But the Wings don't win without Franzen. There is something about this mule of a man, something about his calm, his strength, his decision-making, his aim, something about his playoff excellence that even has Anaheim coach Randy Carlyle giving him compliments, and Carlyle seems to grouch about everything.
"Pretty good shots," he said of Franzen.
Uh, yeah. Pretty good.
Franzen has only been held off the score sheet once in the postseason, that being (not coincidentally) the Game 3 loss. He has also scored a goal in all but three games: the aforementioned loss to Anaheim, and in back-to-back games against Columbus. In the two games against the Jackets, though, he still had three assists. Since the beginning of last year's playoffs, he's gone 20-11-31 in 25 postseason games, which is ridiculous. If Mike Babcock can convince him that games in October count the same as the games now, Detroit's got another Ovechkin on its hands.
Pittsburgh Penguins: I'm glad all the fretting over whether or not Evgeni Malkin was breaking down like he did in the Cup finals last year can be put to rest. He was playing in top-form once again on Saturday night, and that's two very, very strong games for him in three tries. And obviously Malkin, even at something like 80 percent, is still better than most very good players at 110.
[quote] Malkin had six shots, more than anyone on the team except Fedotenko (and a lot of Fedotenko's 10 shots were set up by No. 71). Fittingly, Malkin also led the Penguins in ice time (22:59), which is something Gonchar: his former landlord: did on a nightly basis.
All the Penguins seemed as inspired as Malkin, in terms of their feelings toward Gonchar, a quiet leader who is revered in the dressing room.
"(Winning) is the only way we can kind of ease his pain," Crosby said.
Malkin's teammates saw the determination in his eyes.
"You know what, there are at least three guys in this series who can take it upon themselves to change a game," said Penguins defenseman Philippe Boucher(notes), who returned to the lineup and acquitted himself nicely in 13 minutes. "Sid came close to ending it, too. It's something to see when one of those guys decides, 'OK, I'm going to end it.' "
On Saturday he not only scored the game-winner (though even Sid Crosby admitted it was a lucky bounce), he also drew the penalty that led to the power play that in turn led to the goal.
Vancouver Canucks: After both had a very good opening series against St. Louis, combining for nine points in four games, and then seven in the first three games of the Chicago series, the Sedins have been pretty much invisible (apparently) for two whole games, scoring just one point between them. So what's the problem?
This was supposed to be the playoffs the Sedin brothers showed they can be difference-makers when it's all on the line.
They were just that in the Vancouver Canucks' opening round series against St. Louis, but in the current series with the Chicago Blackhawks, they haven't been the factor they need to be.
They've had plenty of company among the Canucks forward ranks, but an inability to score even-strength goals against the Blackhawks has Vancouver on the brink of elimination, as they dropped a 4-2 decision in Game 5 on Saturday night to go down 3-2 in the best of seven Western Conference semi-final.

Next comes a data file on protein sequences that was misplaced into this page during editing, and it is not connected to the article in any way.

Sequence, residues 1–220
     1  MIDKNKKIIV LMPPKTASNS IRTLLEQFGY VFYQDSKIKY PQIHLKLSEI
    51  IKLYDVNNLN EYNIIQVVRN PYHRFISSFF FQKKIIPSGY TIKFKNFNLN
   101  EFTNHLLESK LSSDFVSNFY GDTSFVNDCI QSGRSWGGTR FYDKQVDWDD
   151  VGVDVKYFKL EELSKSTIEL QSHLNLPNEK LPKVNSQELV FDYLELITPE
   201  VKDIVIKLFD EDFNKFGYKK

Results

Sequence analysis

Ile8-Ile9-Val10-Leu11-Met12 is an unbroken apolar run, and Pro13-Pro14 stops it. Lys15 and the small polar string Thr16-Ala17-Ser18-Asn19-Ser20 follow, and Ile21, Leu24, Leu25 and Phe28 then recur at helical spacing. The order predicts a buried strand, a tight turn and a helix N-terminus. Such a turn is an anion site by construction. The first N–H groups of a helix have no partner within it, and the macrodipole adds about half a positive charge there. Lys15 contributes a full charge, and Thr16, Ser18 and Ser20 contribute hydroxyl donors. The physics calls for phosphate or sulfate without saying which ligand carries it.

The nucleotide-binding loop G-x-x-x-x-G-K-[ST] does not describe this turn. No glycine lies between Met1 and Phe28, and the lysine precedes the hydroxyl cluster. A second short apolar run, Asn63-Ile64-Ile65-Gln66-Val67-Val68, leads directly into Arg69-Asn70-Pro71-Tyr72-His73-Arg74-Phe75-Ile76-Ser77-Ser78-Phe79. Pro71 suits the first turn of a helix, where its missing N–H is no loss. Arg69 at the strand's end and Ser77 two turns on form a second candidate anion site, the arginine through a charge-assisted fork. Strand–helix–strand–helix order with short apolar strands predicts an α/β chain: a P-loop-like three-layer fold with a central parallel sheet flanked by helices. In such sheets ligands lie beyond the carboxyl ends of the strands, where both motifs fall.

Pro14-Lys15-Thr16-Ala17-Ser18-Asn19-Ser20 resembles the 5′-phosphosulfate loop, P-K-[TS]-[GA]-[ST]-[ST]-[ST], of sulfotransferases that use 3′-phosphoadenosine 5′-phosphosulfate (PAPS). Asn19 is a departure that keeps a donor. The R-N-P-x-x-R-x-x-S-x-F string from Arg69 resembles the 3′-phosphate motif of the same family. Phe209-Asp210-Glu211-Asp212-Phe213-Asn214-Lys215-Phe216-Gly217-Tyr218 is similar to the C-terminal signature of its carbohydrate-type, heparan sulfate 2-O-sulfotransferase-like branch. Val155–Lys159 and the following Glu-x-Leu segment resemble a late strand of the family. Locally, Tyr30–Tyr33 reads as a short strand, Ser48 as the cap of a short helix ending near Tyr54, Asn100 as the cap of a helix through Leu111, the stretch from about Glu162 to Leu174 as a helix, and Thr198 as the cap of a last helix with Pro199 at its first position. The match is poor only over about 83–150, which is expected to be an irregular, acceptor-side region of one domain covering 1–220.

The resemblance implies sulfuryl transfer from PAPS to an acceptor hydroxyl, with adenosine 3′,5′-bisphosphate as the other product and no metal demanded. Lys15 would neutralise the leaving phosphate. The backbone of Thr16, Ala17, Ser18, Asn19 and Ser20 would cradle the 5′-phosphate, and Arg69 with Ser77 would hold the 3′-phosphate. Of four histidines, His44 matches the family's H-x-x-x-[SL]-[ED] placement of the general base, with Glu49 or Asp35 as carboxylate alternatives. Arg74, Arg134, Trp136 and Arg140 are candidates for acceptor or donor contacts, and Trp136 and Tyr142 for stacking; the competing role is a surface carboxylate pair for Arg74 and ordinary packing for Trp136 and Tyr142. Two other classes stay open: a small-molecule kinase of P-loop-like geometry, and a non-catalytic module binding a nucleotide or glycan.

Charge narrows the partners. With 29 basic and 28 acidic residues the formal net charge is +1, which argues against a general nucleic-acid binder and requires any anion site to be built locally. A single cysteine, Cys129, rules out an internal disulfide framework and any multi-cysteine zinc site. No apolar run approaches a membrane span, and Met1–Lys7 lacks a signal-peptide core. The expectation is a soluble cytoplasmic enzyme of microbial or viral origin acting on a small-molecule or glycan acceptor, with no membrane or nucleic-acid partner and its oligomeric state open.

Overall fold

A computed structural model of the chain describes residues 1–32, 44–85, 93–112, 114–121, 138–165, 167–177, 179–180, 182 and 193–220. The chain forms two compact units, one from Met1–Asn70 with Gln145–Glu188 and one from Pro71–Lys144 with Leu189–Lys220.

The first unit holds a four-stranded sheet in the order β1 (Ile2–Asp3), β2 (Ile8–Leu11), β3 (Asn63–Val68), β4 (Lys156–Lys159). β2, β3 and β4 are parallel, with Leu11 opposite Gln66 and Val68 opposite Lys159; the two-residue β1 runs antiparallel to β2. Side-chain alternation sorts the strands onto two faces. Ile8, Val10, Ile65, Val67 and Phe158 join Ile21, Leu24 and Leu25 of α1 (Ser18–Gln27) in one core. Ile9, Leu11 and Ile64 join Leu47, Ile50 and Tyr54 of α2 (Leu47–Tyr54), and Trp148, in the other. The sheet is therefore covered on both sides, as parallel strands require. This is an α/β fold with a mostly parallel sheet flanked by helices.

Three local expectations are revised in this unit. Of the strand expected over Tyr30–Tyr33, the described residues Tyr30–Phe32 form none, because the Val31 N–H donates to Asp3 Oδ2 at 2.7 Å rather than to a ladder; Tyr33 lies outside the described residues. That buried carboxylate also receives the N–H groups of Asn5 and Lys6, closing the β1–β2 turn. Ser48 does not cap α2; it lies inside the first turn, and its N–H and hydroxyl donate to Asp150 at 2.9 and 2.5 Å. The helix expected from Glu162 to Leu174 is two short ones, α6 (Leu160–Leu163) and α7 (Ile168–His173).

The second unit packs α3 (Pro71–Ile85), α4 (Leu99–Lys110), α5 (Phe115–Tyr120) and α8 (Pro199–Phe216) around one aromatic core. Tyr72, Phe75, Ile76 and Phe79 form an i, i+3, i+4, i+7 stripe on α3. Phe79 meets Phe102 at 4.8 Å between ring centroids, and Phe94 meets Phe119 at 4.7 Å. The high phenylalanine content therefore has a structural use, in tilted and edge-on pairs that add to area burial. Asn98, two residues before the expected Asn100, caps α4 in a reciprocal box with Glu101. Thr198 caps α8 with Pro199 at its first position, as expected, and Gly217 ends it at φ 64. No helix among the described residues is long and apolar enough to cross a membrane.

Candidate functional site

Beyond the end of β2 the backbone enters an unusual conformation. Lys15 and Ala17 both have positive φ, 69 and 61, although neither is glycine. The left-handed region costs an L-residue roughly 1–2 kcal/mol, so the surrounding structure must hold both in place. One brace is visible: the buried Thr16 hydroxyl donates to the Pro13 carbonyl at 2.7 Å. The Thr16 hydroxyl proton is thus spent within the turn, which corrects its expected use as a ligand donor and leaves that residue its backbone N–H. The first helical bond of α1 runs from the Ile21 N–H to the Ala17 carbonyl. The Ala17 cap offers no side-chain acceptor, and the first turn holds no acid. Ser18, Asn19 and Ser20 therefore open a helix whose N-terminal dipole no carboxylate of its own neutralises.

That's right, folks, it's time for Vancouver's annual Blame the Sedins for Everything campaign. And this year, as an added bonus, it's just in time to see the team get bounced from the playoffs and help chase the twins out of town. Daniel only had FIVE shots on Saturday? Boooooo. Henrik only had an assist? What a stiff. I understand that it's important for any major newspaper to alienate its city's best players (works in Boston and New York all the time), but maybe, just maybe, it's because the Sedins are going up against the best D-corps in the playoffs so far? Could be? Perhaps?
Washington Capitals: Really good story on Sergei Fedorov(notes) in Sunday morning's National Post about his importance to the Russian players and game. People forget, I think, that when Fedorov came over to North America, nobody had ever done so. And certainly none that did so in the following few years had the impact on the sport he did.
It has been a long road to this place. Fedorov was the first Russian player to defect to the National Hockey League, in Seattle on a national team trip in 1990; 19 years, one Hart Trophy, three Stanley Cups and one disputed marriage to Anna Kournikova later, he has now lived in the United States for almost as long as he lived in the former Soviet Union. To other Russians, Fedorov is a significant figure.
Just go read the whole thing. It's very good.
(News and notes from some of the teams that couldn't be bothered to make or stay in the playoffs.)
We're No. 4! We're No. 4! ... The Hockey Writers: "Why yes, John Tavares(notes) COULD come to Toronto." ... Apparently no one should want the Coyotes to move. I'm not sure why. ... Real interesting look at the impact of shift length on players. ... Nik Zherdev seems to have broken his hand at the World Championships. ... Matchsticks and Gasoline is reviewing the Flames season. One imagines it will not be extraordinarily effusive in its praise.
Play of the Weekend